The city of Seattle has no basketball team yet, but the fight over a proposed arena continues.
The state Court of Appeals upheld a decision to dismiss a lawsuit by the International Longshore and Warehouse Union over the proposed site for a new basketball arena in SODO.
The longshoremen argued that an environmental review should have happened before the city made an agreement with arena investor Chris Hansen.
The appeals court ruled that the Memorandum of Understanding between the city of Seattle, King County and Hansen did not constitute final approval for the project. In essence, the court wrote that there was no action as of yet to challenge.
Correction: An earlier version of this story inaccurately said the NBA’s Relocation Committee is made up 12 owners, including Clay Bennett. The committee is made up of seven members and includes Clay Bennett.
The return of NBA basketball to Seattle appears closer than ever. Investor Chris Hansen announced on Monday that he's reached an agreement with the Maloof family to buy a controlling interest in the Sacramento Kings. The deal still needs formal approval from the NBA’s owners. Meanwhile, Sacramento Mayor Kevin Johnson is hopeful he can keep the team in town. How do you put a number on a pro basketball franchise? We talk with Smith College economist Andrew Zimbalist.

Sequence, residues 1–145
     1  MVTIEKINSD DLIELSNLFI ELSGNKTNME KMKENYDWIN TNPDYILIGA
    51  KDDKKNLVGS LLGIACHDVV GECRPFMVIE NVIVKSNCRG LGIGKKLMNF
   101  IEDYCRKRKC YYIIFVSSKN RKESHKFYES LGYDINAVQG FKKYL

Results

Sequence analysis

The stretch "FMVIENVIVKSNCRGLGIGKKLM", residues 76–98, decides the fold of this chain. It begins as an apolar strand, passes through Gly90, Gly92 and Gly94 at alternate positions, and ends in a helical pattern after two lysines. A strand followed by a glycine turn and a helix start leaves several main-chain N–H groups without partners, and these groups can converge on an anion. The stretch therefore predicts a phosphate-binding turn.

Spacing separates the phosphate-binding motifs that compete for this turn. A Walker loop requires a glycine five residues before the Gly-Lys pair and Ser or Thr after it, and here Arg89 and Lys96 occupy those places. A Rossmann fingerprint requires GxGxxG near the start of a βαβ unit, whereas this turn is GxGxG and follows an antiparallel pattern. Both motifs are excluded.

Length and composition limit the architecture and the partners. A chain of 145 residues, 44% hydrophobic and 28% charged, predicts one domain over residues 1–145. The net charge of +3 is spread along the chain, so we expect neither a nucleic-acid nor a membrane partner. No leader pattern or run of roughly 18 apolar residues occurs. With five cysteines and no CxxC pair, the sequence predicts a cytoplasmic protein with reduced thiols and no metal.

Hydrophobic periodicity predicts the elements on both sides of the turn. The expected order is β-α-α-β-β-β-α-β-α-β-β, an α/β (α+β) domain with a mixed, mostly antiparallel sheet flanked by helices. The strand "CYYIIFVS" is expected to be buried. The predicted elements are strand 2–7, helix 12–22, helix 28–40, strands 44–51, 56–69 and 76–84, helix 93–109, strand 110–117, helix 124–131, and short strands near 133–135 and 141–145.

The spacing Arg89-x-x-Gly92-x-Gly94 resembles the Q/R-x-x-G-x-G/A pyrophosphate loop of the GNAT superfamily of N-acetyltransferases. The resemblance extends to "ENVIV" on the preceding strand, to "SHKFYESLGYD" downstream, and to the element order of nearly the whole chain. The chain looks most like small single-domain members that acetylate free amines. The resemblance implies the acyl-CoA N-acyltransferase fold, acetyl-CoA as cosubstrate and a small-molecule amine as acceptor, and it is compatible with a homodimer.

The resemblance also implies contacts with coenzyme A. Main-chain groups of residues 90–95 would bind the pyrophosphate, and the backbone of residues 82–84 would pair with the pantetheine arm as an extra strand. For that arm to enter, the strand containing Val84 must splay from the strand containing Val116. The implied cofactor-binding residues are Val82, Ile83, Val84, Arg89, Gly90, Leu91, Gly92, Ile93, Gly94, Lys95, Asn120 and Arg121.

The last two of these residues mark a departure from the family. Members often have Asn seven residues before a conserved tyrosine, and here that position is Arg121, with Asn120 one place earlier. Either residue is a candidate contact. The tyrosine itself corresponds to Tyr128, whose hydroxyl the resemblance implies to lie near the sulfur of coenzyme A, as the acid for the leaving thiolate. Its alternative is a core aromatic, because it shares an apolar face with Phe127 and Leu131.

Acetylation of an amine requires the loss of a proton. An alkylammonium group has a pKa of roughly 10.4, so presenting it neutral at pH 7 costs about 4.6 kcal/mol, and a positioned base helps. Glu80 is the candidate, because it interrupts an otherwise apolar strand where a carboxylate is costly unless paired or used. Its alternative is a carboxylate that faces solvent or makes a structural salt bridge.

After weeks of rumors, it appears Seattle may have a new professional basketball team to replace the SuperSonics. Investor Chris Hansen said his group has entered an agreement to purchase a controlling interest in the Sacramento Kings. Seattle sports fans seemed pleased by the deal, but confessed they don’t know much yet about their new home team.
Chris Hansen announced Monday that his investment group has a "binding agreement" to buy controlling interest in the Sacramento Kings basketball team from the Maloof family. The announcement ends weeks of rumor and speculation.